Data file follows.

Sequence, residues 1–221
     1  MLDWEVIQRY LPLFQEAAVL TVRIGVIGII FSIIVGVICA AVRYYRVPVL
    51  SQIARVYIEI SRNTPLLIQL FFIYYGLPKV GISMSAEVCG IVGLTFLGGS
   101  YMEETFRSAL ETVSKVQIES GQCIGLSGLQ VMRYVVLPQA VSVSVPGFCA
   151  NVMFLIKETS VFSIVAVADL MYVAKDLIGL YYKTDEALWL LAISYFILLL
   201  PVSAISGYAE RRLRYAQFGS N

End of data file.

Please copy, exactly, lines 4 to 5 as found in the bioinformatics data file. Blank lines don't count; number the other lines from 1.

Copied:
   101  YMEETFRSAL ETVSKVQIES GQCIGLSGLQ VMRYVVLPQA VSVSVPGFCA
   151  NVMFLIKETS VFSIVAVADL MYVAKDLIGL YYKTDEALWL LAISYFILLL